To send content items to your account,
please confirm that you agree to abide by our usage policies.
If this is the first time you use this feature, you will be asked to authorise Cambridge Core to connect with your account.
Find out more about sending content to .
To send content items to your Kindle, first ensure firstname.lastname@example.org
is added to your Approved Personal Document E-mail List under your Personal Document Settings
on the Manage Your Content and Devices page of your Amazon account. Then enter the ‘name’ part
of your Kindle email address below.
Find out more about sending to your Kindle.
Note you can select to send to either the @free.kindle.com or @kindle.com variations.
‘@free.kindle.com’ emails are free but can only be sent to your device when it is connected to wi-fi.
‘@kindle.com’ emails can be delivered even when you are not connected to wi-fi, but note that service fees apply.
To determine the risk factors for Clostridium difficile–associated disease (CDAD) in a 25-bed rural hospital and to compare antimicrobial use ratios at the study hospital with those at a large academic medical center.
A 25-bed rural hospital in Iowa during the period from August 2002 through January 2005.
A total of 17 case patients with CDAD and 34 control patients matched for age (ie, within 10 years of the case patient's age), sex, and admission date (ie, within 2 weeks of the case patient's admission date).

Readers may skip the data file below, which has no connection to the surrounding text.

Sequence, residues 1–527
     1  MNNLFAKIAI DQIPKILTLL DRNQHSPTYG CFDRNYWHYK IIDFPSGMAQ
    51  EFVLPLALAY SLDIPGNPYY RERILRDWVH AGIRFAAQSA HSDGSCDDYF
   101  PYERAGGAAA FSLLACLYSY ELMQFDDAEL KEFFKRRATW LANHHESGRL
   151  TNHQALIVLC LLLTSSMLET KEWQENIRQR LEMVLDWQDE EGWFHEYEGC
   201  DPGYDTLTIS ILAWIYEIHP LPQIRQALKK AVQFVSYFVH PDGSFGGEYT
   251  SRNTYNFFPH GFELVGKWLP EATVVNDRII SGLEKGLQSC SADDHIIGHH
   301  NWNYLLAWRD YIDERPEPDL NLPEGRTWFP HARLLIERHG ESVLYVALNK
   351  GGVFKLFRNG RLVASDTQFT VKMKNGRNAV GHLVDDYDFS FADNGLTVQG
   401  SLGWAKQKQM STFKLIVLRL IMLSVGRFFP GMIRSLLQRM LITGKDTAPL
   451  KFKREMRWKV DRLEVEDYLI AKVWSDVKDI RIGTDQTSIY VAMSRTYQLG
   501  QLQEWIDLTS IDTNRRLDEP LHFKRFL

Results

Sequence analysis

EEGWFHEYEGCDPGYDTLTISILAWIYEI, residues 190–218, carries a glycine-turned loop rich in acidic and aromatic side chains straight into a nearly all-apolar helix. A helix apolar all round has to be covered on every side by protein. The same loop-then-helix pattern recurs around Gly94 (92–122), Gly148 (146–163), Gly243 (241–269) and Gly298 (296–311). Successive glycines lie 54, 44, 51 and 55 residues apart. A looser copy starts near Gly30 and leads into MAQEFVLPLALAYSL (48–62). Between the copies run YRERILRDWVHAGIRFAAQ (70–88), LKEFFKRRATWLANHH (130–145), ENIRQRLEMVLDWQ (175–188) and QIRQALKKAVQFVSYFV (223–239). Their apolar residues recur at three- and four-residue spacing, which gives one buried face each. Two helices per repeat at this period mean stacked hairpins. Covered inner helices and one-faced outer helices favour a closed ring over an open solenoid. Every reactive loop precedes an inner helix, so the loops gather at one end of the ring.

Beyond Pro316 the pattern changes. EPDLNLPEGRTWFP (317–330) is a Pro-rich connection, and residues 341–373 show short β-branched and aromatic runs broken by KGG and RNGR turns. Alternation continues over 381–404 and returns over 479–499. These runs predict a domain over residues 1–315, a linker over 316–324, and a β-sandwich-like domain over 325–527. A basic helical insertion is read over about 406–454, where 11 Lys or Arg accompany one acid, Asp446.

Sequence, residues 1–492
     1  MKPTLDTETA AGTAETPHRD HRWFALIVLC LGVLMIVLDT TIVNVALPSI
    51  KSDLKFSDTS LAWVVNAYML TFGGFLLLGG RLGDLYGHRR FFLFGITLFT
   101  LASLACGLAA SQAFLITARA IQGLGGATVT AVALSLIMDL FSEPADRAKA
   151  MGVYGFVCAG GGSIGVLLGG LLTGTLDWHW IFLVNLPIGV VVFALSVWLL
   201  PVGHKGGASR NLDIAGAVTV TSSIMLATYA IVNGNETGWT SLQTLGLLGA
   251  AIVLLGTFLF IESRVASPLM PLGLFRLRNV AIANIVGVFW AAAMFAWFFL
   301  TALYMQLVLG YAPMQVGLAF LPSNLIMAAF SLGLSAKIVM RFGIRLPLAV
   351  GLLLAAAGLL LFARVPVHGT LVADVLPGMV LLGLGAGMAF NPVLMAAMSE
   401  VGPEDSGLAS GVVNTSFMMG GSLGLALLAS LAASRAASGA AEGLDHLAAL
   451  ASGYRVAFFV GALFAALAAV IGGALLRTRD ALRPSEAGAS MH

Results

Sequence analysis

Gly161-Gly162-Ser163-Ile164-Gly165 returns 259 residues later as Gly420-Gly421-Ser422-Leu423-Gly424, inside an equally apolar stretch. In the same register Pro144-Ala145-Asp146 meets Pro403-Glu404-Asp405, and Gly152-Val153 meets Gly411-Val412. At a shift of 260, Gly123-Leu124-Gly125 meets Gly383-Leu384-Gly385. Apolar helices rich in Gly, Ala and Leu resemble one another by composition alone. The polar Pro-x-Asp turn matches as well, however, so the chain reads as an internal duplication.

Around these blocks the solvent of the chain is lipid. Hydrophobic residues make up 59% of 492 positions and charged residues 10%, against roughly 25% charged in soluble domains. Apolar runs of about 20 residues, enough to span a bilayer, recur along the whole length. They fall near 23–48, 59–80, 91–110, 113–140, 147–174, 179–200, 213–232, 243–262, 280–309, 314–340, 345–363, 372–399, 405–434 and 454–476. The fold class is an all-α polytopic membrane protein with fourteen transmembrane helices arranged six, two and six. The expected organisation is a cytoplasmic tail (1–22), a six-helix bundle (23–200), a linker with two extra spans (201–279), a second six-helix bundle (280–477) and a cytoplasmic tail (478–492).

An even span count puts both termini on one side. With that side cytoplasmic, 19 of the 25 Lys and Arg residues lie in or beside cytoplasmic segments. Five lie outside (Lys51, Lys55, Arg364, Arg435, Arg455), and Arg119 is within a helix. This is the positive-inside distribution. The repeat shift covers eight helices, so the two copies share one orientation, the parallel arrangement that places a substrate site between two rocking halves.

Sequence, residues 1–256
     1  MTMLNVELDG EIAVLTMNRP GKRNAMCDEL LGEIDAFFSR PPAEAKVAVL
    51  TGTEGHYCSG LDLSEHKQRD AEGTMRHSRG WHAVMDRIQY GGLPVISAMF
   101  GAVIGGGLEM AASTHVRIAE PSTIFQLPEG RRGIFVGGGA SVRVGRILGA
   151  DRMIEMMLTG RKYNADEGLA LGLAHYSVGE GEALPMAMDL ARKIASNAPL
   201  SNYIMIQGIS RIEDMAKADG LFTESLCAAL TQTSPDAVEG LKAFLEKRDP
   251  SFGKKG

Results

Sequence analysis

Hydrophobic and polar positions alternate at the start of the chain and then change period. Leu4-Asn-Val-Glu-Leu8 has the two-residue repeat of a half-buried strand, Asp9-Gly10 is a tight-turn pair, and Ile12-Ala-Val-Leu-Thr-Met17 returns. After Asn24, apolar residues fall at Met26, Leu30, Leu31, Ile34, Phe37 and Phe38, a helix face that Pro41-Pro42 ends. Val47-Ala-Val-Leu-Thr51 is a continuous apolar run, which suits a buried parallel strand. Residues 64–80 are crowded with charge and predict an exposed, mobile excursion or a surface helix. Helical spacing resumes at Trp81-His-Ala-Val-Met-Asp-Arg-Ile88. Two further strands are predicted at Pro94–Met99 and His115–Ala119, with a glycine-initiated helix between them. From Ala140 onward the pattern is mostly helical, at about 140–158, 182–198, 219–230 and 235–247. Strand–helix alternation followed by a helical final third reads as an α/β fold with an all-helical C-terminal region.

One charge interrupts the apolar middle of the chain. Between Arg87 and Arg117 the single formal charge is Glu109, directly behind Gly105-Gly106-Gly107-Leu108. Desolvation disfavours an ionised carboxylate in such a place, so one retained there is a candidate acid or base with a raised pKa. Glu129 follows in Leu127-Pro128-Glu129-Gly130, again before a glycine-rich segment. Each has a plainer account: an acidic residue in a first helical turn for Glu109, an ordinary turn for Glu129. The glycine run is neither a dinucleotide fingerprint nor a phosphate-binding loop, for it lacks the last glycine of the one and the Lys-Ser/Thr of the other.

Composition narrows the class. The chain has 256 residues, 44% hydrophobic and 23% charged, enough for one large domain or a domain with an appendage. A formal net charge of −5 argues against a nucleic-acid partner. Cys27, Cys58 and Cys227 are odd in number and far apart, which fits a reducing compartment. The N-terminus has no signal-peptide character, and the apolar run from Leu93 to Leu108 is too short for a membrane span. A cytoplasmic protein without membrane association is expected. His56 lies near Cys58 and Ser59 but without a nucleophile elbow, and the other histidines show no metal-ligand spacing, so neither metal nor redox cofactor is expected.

Retrospective medical record review was performed to obtain data on antimicrobial exposures during the 6 weeks before hospital admission for both case and control patients. Exact conditional logistic regression was used for univariable and multivariable analyses. Antimicrobial use ratios were calculated to compare the rates of antimicrobial use for case and control patients at the study hospital with the rates for patients evaluated in a study of CDAD at a nearly 700-bed teaching hospital.
Case patients had a larger cumulative number of days of antimicrobial use (P = .004), and they received a larger total number of antimicrobial agents during hospitalization (P = .001). Antimicrobial use ratios were higher for both case and control patients at the smaller hospital, compared with the larger hospital.
CDAD at a small rural hospital was not associated with exposure to the antimicrobial classes that are typically associated with CDAD, but was instead related to the total number of antimicrobials used to treat patients. The rate of antimicrobial use for case and control patients was about 40% higher at the small rural hospital, compared with the corresponding rates at a large academic medical center.